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Bolivia debates food security

The continuing rise in global food prices prompted the World Bank President to warn “we are one shock away from a full blown crisis”.

Even with inflation taken into consideration, cereal prices have risen above the previous record set in the middle of 2008 when food riots broke out in many countries.

Two large charities have both published reports recently on the global food situation. Christian Aid’s ‘Hungry for Justice: Fighting Starvation in an Age of Plenty’ looks at the impact of financial trading on the price of commodities. The charity calls on policy makers to investigate price increases, believing the sheer amount of money invested by financial traders in commodities is distorting prices. In addition, the report addresses issues such as climate change, land ownership and conflict.

Similar themes are covered in Oxfam’s ‘Growing a Better Future; Food justice in a resource-constrained world’. This highlights how a few hundred companies dominate the food system globally. For example, 6 firms control three quarters of agrochemicals and just 4 firms supply over half the world’s seeds. With these multinational companies focusing on large-scale food production, the needs of small-scale farmers are largely ignored. However, many developing countries rely on small holders for domestic supplies of food. Both charity reports therefore call for a massive increase in support given to small-hold farmers as a way to increase food yields and to encourage sustainable agricultural practices.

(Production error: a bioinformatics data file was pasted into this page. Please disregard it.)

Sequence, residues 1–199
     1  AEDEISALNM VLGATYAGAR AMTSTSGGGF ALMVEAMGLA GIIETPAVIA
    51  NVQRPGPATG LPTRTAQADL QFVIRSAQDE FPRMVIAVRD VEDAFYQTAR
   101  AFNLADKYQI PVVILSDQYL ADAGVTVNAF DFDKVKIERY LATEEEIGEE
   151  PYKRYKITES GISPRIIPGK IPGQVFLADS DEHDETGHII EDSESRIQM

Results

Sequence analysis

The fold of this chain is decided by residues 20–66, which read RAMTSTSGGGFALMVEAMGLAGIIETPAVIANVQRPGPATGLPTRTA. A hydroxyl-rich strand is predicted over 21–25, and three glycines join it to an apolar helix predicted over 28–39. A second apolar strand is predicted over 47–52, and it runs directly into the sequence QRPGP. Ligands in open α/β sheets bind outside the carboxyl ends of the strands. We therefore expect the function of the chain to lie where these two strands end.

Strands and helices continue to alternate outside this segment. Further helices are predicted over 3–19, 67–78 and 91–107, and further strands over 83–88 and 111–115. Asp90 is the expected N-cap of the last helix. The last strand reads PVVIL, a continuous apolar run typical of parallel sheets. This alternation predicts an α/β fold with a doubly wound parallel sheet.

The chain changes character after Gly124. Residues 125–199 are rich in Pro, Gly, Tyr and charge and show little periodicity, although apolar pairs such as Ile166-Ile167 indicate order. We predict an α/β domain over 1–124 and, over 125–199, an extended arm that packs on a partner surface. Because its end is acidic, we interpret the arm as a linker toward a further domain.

One country currently looking into the needs of its small-scale farmers is Bolivia. This week, the Bolivian government has been debating a new ‘Law of Productive, Communal and Agricultural Revolution’. The legislation is designed to improve food security in the country while at the same time protecting the environment. One key proposal to increase yields is that more genetically modified seeds should be allowed. Currently, only genetically modified (GM) soy is legal in Bolivia, but under the new law, permits would “be broadened to other products” deemed no threat to health or the environment. The government also wants to reduce reliance on international agricultural supplies and are hoping to create state-owned companies which would produce seeds locally.

Some activists are wary about expanding the use of GM crops. A spokesperson from Bolivia’s National Council for Food and Nutrition told the Guardian that Bolivia had become too dependent on monocultures and needed to protect the genetic make-up of its native crops and regain its diversified food production. He explained that 25 years ago, 70 to 80 per cent of the nation’s food was grown locally, but since the country had adopted the agro-industrial model focusing on exports, 70 to 80 of Bolivia’s food is now imported from places such as Argentina and Brazil. However, the country’s representative at the United Nations Food and Agriculture Organisation believes the new law is a step in the right direction if it promotes conditions which “strengthen small producers”. The general consensus seems to be that if the new law is well applied, it could help Bolivia guarantee food security for its people, as well as protecting the biodiversity of its crops.

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